After taking this course, it is incredible how badly the American public education system (at least in my experience) failed in teaching students about American Indians. I genuinely remember learning nothing about native Americans while in school which is absolutely a disservice because these are people that are alive and have a culture rich with knowledge and experience that we can learn from. They know and understand the land. They have a stronger connection to natural resources and know how to coexist with them without destroying their environment. They have been able to exist in an arid climate using incredibly intelligent farming techniques. There is so much the American people can learn from cultures such as that of the Tohono O’Odham, and I think it is absolutely necessary that students are introduced to American Indians at a young age. Their way of life is so incredible and filled with spirit. Me and Haley talked with Kiowa (Joe’s grandson) after dinner, and we started talking about how the world seemed to be getting more and more materialistic. It is something I think about often, but it was so interesting to listen to Kiowa talk about it because I can guarantee I am more materialistic than him. I can say that because I am not American Indian and I was not raised thinking about the values of reciprocity and thanking the earth whenever I took from it and being grateful for every piece of the universe that was placed so delicately in its place for me to experience. That’s not a stab at my parents because they did a fantastic job, but these aspects of spirit are simply not in our culture. I think we need to act fast and start integrating more spirit and gratitude into our culture before we destroy it to the point of no return because we didn’t realize the true value of our land and water. When it comes down to it, the most valuable thing on earth is the earth itself. We as a people could not exist without the earth. Everything that has ever existed came originally from the earth, in some form, because we didn’t just create it out of thin air. But to think that the things we create are more important than the source of all things in our life is naive, ignorant, and will lead to our demise.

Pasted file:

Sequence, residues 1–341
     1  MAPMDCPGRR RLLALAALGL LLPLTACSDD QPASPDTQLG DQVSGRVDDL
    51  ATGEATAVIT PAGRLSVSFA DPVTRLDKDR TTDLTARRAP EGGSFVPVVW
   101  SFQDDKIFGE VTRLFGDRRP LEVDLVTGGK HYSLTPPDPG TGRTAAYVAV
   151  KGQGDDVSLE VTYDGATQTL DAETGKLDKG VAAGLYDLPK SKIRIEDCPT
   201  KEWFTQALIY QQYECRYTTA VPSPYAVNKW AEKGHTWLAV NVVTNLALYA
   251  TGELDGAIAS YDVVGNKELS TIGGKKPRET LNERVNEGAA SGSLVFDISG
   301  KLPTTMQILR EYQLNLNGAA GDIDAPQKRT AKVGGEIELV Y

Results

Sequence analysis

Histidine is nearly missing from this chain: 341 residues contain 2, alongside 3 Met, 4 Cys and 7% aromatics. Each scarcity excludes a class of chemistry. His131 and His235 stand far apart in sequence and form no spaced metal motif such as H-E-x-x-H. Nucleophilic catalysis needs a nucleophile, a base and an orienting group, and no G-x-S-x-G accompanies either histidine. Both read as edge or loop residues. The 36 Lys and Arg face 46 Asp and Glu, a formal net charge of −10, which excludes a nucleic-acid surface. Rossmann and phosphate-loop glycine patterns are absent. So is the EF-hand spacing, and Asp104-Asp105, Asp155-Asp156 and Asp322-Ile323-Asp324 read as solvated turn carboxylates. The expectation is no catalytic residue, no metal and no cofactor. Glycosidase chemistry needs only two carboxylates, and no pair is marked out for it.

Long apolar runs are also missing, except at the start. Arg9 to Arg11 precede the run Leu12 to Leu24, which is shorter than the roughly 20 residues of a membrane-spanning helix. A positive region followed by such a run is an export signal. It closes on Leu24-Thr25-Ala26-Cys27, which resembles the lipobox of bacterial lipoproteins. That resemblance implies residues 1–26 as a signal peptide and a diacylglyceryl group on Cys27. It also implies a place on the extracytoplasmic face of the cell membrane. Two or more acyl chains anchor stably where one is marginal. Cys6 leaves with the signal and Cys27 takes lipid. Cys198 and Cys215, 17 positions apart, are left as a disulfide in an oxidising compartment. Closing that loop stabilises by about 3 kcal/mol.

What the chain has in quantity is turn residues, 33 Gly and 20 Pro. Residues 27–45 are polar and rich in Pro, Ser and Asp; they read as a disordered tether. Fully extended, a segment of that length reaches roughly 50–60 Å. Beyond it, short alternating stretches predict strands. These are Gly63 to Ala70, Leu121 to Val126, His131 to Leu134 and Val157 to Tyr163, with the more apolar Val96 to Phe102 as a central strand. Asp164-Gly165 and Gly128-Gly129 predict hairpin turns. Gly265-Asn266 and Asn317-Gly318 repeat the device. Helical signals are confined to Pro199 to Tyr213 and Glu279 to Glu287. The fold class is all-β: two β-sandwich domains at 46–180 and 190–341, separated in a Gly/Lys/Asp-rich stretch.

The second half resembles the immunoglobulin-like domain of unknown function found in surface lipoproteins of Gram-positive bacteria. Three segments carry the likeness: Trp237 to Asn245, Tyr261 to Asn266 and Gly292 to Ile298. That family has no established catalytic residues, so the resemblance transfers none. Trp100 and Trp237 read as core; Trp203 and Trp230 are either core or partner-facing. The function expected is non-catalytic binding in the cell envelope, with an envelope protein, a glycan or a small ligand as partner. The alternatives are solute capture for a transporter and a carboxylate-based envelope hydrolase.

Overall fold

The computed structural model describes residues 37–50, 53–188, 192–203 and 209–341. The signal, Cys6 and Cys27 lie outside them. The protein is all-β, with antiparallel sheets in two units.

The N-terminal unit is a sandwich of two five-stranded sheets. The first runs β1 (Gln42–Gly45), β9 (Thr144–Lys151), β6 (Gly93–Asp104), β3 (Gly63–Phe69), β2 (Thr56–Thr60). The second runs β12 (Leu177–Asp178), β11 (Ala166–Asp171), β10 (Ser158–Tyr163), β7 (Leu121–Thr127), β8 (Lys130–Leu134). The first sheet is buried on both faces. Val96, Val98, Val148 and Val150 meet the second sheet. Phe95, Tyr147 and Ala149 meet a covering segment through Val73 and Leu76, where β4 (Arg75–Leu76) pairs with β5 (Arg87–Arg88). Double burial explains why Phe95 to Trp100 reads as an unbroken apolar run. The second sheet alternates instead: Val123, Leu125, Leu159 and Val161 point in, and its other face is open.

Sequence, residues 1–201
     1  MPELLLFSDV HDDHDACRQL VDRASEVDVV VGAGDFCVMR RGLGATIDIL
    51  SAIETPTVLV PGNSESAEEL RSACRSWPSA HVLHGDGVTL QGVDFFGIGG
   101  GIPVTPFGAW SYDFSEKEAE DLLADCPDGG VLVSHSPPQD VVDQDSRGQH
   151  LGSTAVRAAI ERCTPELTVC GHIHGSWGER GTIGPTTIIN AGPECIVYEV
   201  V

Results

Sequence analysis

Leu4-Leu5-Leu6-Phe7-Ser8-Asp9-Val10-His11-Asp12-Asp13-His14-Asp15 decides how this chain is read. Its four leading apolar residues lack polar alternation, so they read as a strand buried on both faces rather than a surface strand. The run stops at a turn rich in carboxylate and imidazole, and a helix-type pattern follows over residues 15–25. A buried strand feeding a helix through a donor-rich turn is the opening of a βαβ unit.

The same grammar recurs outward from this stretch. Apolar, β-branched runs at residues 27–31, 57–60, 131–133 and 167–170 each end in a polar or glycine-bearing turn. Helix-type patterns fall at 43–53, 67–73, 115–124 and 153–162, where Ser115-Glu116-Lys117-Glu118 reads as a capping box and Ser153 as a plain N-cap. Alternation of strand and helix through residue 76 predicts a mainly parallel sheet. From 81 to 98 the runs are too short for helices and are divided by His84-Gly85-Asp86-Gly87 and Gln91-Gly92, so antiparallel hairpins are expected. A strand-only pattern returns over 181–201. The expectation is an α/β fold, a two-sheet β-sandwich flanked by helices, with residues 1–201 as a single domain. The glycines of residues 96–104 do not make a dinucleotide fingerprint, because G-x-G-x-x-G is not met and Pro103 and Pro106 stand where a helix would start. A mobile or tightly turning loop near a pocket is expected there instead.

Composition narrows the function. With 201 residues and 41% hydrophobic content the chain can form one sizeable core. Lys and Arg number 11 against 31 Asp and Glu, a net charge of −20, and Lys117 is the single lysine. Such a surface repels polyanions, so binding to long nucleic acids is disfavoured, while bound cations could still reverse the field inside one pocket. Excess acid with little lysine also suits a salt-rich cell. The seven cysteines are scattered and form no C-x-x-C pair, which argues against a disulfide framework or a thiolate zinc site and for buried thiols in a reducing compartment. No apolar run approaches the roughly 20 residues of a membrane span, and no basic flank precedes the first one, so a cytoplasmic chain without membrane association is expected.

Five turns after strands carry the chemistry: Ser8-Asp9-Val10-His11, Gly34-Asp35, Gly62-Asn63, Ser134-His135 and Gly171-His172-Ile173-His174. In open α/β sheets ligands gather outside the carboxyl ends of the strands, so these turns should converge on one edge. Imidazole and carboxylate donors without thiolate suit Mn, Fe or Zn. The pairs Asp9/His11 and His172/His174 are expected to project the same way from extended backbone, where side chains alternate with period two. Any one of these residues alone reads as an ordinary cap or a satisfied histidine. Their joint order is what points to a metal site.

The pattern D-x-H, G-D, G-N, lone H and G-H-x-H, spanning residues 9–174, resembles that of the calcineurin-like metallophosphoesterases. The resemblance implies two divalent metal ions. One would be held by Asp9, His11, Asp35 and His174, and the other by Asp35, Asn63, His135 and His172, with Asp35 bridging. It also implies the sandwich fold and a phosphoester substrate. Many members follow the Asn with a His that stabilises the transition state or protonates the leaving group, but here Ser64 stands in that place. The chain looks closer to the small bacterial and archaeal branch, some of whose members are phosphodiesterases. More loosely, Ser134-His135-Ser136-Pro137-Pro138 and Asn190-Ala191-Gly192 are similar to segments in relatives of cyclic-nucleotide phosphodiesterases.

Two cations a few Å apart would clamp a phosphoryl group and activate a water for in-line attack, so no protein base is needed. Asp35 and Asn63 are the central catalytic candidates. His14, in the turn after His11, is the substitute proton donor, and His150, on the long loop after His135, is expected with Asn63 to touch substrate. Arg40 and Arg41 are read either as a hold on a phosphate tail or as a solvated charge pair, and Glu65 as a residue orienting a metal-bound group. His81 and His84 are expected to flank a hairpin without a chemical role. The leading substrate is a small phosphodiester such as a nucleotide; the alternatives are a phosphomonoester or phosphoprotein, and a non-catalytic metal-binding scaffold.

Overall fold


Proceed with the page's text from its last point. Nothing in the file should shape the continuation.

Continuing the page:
So, at the end of this all, let’s take something from this experience and integrate it into our own lives. I’ve started thanking everything, oftentimes out loud, when I take and try to give back and equal force. I might become a teacher after I graduate, and if I do and happen to end up in social studies or history, I will do my best to find a way to integrate teachings about American Indians. It’s a beautiful way of life they have and the amount of strength they have demonstrated in persevering through hardship to hold on to their ways of life is so impressive. To them I say keep going. To us I say let’s listen to them!